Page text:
Everyone knows a made to measure suit is a thing of beauty. It’s fitted exactly to your frame with all the love and care the tailor chooses to give, but sometimes we don’t need bespoke, sometimes we just want to grab a suit off the rail. It’s cheaper, it’s easier and quite frankly who can really tell the difference. This is probably why I’ve never bought a tailored suit. Though some people take this philosophy further, some people look for this practicality not in their office wear, but in their martial art.
Karate is everywhere. It was the first Asian martial art to gain prominence in the West. Its export driven no doubt by Japan’s post war economic boom, Karate has gained broad acceptance in a way that most martial arts haven’t. It’s a sport, recently made an Olympic sport, it’s a self-defence system and it’s culturally iconic. Mainstream fitness role models such as Bear Grylls write of its benefits in GQ Magazine. People who don’t know anything about martial arts will know something about Karate.
I think it is because of its mainstream appeal that I’ve always resisted Karate. I would tell myself that the reason was philosophical. I had some profound reason why Karate was unsuitable, but frankly I think I just like things kept as niche as possible. The evasion had gone on long enough. The martial arts blogger who will try even the most obscure of styles, Yin Style Bagua jumps to mind, must taste that least forbidden of fruits.
I had anticipated that the Karate class would take much the same form as Wing Chun training. I had read that the art was focused upon striking, leaving the grapple and ground work to its cousin Judo. However, the Shinboku Karate club focused heavily upon throwing and wrestling. This wasn’t quite what I’d expected. They took the grappling seriously. I was to learn to my cost, a little too seriously.
One of the great benefits of Wing Chun, I’ve discovered, is that grappling doesn’t feature; in the sprawling concrete city of Hong Kong, if you hit the ground, you’re already out. Those in the know will say the overwhelming majority of fights end on the floor: I believe the figure they give is ninety per cent, although the historian in me would question the sources. I won’t dispute their figures, however, I will just say I’d rather develop my skills elsewhere.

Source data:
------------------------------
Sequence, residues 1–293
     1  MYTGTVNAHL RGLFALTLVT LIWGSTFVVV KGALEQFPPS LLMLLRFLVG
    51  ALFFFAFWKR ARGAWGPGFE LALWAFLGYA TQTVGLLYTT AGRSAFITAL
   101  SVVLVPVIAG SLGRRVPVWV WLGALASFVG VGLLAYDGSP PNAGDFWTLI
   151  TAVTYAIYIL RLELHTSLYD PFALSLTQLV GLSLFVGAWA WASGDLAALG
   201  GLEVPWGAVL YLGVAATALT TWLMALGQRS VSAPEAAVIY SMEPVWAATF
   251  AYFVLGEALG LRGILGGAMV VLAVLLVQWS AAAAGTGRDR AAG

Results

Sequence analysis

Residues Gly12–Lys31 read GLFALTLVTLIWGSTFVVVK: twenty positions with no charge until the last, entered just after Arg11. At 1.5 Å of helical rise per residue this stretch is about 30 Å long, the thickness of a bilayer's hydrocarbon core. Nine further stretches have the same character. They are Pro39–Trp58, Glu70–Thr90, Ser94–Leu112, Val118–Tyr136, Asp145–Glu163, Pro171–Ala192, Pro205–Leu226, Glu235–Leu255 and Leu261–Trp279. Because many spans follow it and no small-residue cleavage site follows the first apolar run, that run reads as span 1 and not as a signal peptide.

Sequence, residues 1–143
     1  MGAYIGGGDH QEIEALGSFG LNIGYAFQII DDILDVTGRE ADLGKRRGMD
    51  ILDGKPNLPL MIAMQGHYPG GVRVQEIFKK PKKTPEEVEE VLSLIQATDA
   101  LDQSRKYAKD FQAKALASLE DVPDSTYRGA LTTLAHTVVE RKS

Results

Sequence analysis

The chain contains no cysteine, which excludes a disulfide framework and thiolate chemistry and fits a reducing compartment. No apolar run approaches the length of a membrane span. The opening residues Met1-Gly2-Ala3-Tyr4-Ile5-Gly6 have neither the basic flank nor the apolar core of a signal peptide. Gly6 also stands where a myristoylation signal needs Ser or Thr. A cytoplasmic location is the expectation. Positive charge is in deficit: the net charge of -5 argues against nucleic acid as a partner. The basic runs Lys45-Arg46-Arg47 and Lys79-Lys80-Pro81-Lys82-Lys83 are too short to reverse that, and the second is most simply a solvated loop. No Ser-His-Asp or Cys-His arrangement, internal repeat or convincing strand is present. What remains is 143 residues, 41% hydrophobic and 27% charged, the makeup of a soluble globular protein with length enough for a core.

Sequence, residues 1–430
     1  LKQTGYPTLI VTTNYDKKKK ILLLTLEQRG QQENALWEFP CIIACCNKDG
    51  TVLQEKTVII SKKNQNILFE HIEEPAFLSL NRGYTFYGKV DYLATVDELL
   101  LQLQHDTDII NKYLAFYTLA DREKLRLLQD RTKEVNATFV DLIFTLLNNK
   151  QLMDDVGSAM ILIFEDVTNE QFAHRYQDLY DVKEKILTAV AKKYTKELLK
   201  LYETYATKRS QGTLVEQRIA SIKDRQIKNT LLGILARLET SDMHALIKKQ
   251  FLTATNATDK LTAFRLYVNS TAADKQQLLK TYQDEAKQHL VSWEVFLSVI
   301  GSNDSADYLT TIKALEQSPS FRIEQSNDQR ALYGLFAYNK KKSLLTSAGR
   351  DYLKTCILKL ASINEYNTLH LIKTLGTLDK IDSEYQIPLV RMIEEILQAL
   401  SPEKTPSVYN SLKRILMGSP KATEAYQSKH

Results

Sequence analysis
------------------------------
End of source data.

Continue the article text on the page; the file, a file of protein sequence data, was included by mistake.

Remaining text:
We all circled around. It was time to test our grappling skills. I’d been given a brief introduction to the world of mat work; I’d say twenty minutes. We then took it in turns to face the black belts – it turns out the black belts have had more than twenty minutes training.
I faced my first adversary. We struggled, I moved quickly. I knew three techniques and I didn’t want to exhaust my knowledge. Remarkably, and no doubt aided by the adversary’s gentlemanly restraint, I was victorious. Victory was achieved by forcing the opponent to “tap out”, a less than gentlemanly process, but it was all good fun – except it really didn’t feel like anyone was having that much fun.
Next came adversary number two. We’d worked our way through the class and now it was back to me. This didn’t seem the sort of thing you should be doing on lesson three. Here was my problem, as we’ve established I had three techniques, I had nothing left up my sleeve. The adversary had an indulged and yet malignant Dudley Dursley look to him. The sort of chap that thinks his body fat is all muscle, clearly when it came to wrestling he held a considerable advantage.
I’d like to say that he treated the exercise with the same gentlemanly restraint as adversary number one, but sadly number two was no gentleman. His tactics were the same as mine, I was speedily placed in a headlock and over I somersaulted as he rolled his weight backwards.
It’s difficult to say what was learned from the experience, other than that the Shinboku Karate club must get through its sparring partners. Based on the slight whiplash I experienced the next day, it was certainly not an activity compatible with the lifestyle of a thirty-some office worker.
Flawed as my Shinboku experience undoubtedly was, I learned a great deal about the diversity and practicality of the form. This is a martial art with a wide pantheon of techniques and provides the opportunity to take your practice virtually anywhere. It is small wonder Bruce Lee held the art in such esteem. I found to my surprise that the suit fitted, but in future I might shop elsewhere: Nought to sixty with Dudley Dursley isn’t quite my idea of steady progression.